After classifying data, complete the annotation part. This process of labeling data helps machines better understand the context and patterns behind the data to provide relevant results. Such a process can be handled by hand, making it time-consuming and fallible. You can automate this process by designing a pre-annotator with the help of Python dictionaries.
Setting a Dictionary and Rules
Python dictionaries can also help you retrieve the required values from the dataset. Setting a dictionary will create arrays of already grouped data units. In other words, dictionaries help you develop keys for data values. For example, when the keys are matched with particular values, the annotator can recognize that the mentioned word “Ford” is a car (in this case, “car” is a key, and “Ford” is a value). While creating a dictionary, you can add synonyms too, so that the annotator can structure data based on known words and their synonyms.
To avoid mistakes in the structuration process, define the rules to prevent random associations. For example, whenever the annotator spots the car name, it should identify the serial number next to it. Thus, an annotation tool should mark the number next to a vehicle’s name as its serial number.
5. Sort Data with Python
After finishing the previous step, you need to sort out and match certain pieces of information while removing irrelevant content. This can be done with the help of Python regular expressions – sequences of characters that can group and extract patterns in the text.
The following process is to split a large chunk of text into words or sentences. You may use a Natural Language Toolkit (NLTK) to deal with it. For that, you need to install this Python library and perform word or sentence tokenization, depending on your preferences.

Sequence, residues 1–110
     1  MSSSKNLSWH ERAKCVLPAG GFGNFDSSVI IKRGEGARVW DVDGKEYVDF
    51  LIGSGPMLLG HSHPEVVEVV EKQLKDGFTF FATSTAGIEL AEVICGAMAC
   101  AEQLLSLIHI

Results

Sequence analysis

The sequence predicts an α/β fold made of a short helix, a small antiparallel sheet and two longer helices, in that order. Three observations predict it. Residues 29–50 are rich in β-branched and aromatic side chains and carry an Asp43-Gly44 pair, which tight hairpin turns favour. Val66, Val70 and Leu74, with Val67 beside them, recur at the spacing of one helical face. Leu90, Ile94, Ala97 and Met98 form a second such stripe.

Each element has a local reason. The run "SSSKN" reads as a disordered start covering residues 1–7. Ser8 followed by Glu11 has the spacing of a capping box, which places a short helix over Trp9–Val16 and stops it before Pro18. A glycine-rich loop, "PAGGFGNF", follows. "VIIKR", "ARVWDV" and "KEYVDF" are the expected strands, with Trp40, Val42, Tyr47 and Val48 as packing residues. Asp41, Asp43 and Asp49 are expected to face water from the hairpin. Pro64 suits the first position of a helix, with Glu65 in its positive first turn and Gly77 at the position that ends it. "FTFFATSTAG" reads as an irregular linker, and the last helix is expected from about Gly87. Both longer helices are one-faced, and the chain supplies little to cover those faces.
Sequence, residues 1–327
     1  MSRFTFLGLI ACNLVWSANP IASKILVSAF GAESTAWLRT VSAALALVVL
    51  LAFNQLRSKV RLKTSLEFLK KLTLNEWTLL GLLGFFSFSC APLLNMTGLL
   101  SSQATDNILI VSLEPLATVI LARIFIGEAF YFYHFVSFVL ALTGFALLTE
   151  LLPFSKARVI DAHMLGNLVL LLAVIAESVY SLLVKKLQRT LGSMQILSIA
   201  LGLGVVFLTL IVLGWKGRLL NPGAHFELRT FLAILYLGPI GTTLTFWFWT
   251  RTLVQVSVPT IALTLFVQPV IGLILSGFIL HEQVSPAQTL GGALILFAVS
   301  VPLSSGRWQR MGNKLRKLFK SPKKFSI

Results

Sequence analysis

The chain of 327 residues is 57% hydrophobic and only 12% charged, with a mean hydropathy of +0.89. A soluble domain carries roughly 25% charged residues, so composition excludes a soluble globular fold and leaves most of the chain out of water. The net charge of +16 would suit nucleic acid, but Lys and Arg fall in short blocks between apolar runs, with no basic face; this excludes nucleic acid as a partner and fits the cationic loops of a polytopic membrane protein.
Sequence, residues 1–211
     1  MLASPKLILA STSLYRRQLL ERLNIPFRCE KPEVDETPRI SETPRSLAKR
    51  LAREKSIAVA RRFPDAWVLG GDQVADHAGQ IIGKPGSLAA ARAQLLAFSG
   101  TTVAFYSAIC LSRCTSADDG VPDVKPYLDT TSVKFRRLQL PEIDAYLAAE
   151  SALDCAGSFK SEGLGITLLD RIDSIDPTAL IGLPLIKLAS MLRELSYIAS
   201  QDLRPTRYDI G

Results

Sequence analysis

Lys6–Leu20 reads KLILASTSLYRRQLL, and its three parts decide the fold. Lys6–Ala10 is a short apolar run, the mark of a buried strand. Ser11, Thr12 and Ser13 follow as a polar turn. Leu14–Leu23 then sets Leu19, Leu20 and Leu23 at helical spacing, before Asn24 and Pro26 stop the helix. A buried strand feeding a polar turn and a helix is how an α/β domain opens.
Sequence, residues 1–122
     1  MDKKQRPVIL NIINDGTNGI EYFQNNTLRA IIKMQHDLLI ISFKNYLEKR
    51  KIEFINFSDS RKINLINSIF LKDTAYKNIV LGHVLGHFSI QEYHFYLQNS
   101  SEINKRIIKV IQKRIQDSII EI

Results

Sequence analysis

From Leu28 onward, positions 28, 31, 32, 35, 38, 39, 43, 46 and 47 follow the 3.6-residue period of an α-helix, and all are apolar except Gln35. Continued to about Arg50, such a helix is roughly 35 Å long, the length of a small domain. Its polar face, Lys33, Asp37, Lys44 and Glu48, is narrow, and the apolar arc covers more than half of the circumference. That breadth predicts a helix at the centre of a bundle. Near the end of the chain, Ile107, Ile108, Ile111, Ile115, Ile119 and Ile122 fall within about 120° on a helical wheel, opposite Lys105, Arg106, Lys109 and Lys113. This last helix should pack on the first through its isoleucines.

Process Data Using Stemming and Lemmatization
Another step in natural language processing (NLP) coding is stemming and lemmatization. Simply put, they both shape words according to their root. The first one is simpler and faster – it just cuts down the stem; for example, “cooking” becomes “cook.” Lemmatization is a bit slower and more sophisticated process. It composes the world’s inflected forms into a single entity for analysis. In this case, the word “went” would be grouped with “go” even though they don’t share the same root.
Those two processes are not only part of natural language processing but machine learning as well. Therefore, stemming and lemmatization are the text pre-processing techniques that help analysis tools understand and process text data at scale, later transforming the results into valuable insights.
6. Visualize the Received Results
The final and most important step in structuring data is convenient visualization. Concise data representation helps transform mundane spreadsheets into charts, reports, or graphs. All this can be done in Python using libraries like Matplotlib, Seaborn, and others, depending on the databases and visualization preferences.
Use Cases of Structuring Data
Not sure how data structuring can be helpful for your business? Here are some ideas:
- Sentimental analysis: Collect data (like reviews and comments), structure it, and visualize it for analysis. It’s vital in e-commerce, where the competition is at its finest and being one step ahead requires processing more data, which is mostly unstructured.
- Document clustering: Organize documents and retrieve and filter information automatically. In the long term, it helps to make the search process faster, more efficient, and cost-effective.
- Information retrieval: Map documents to prevent the loss of important information.
In a Nutshell
Working with unstructured data is not easy; however, investing in it as early as possible is essential. Luckily, Python can be actively used during the process and help automate the integral parts.